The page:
If you had told liberal Americans six months ago that the Republican presidential front-runner would be Donald Trump, the most common reaction would likely have been some combination of pragmatic glee and existential horror. Trump is the least electable Republican presidential candidate in a generation, a sinister demagogue who would almost certainly lose to Hillary Clinton in November. But Trump’s demagoguery also frightens liberals, and many centrists: His success has revealed an ugly side of America, full of prejudice, suspicion, and hate, all of it terrifyingly on display Friday night at his canceled rally in Chicago.
And yet, as the campaign has worn on and Trump has emerged as the leader in the delegate count, another liberal reaction to his rise has emerged: schadenfreude. Trump’s nomination could very well lead to the collapse of the Republican Party, which many liberals view as an increasingly debased institution that deserves not merely to lose elections but to be permanently vanquished. Even more satisfying to liberal rubberneckers is the idea that the Republicans have been the architects of their own demise—that this is a classic case of chickens coming home to roost. A party that for decades fomented and benefited from racial resentment is now seeing its political future potentially collapse thanks to the very forces it nurtured. “Chickens, Home to Roost” was actually the title of a Maureen Dowd column in which she opined, “The most enjoyable thing about the Trump phenomenon has been watching him make monkeys out of a lot of people who had it coming.”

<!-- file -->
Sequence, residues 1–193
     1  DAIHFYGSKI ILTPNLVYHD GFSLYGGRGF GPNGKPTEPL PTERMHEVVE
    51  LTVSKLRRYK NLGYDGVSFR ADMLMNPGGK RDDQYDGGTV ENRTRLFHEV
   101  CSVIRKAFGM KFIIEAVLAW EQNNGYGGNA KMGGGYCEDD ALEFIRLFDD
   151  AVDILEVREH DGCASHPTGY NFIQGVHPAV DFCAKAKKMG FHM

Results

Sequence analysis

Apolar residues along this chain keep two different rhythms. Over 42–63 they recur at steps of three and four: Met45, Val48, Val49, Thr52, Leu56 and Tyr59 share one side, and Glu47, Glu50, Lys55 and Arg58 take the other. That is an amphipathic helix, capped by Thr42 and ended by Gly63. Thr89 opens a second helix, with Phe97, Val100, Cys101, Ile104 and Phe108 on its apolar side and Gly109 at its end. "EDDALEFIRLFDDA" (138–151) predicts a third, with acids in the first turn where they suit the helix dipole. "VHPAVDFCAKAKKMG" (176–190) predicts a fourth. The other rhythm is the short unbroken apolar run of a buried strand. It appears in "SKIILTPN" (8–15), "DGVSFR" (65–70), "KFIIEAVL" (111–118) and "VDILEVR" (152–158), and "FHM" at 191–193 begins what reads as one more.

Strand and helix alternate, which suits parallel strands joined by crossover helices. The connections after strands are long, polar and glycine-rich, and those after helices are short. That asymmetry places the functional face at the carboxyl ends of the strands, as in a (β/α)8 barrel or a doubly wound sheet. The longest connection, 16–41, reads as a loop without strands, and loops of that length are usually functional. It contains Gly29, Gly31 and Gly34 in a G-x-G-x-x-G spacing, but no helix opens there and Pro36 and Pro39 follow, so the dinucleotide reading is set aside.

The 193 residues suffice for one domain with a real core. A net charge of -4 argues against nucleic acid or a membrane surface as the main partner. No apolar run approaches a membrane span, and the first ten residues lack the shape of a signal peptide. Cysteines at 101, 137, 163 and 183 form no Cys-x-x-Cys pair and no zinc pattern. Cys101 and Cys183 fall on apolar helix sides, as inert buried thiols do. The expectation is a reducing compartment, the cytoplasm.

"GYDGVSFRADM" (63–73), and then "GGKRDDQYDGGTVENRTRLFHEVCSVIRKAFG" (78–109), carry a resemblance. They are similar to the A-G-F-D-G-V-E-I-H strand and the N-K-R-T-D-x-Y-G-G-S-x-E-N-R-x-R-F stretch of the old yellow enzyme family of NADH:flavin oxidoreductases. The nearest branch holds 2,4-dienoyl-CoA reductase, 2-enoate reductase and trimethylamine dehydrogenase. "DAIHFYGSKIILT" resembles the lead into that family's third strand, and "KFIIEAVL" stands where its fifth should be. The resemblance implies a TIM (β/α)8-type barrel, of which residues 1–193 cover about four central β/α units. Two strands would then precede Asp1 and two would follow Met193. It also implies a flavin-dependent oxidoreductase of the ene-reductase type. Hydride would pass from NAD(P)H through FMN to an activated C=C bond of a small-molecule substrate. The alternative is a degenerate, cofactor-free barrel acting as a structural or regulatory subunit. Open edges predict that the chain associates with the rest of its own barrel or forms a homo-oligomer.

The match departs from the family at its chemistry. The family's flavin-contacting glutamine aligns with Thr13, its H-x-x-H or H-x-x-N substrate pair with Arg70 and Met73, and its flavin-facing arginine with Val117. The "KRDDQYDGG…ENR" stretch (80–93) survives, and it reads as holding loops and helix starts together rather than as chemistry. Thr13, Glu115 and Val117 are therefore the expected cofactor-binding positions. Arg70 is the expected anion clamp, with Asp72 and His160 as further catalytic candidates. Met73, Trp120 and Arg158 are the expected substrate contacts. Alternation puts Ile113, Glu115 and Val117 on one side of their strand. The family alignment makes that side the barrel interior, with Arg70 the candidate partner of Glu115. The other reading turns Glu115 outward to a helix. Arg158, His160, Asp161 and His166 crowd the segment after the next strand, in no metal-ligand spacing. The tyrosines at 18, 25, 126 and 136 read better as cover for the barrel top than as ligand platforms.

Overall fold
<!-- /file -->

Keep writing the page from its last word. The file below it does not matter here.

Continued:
Even the conservatives who have stood up to Trump and attempted to slow his march to the nomination were, in the past, Trump enablers. Mitt Romney made nice with Trump out of political expedience well after the latter’s “birther” attacks on Obama. William Kristol remains a steadfast admirer of the Bush administration’s policies on “enhanced interrogation techniques,” which Trump has been criticized for supporting under their proper name, torture. They are both fine examples of a party that long ago lost its soul in the process of losing its way.
Haven’t these men earned this comeuppance for their hypocrisy—and is this not a moment for liberals to rejoice in the karmic justice of it all? Certainly the GOP and its supporters deserve to be called out for the party’s often ugly past and for setting the stage for Trump. But those liberals who find themselves rooting for Trump, in the hope that his continued success will only further damage the GOP, are playing with fire—and putting their self-satisfaction ahead of the interests of the country. Even if you despise the Republican Party and what it stands for, Trump is a different beast. His violent rhetoric, which seems to have infected everyone from his ardent supporters (who have turned his rallies into spectacles and, increasingly, melees) to his campaign manager (who is accused of assaulting a reporter), is uniquely frightening. He must be defeated at all costs.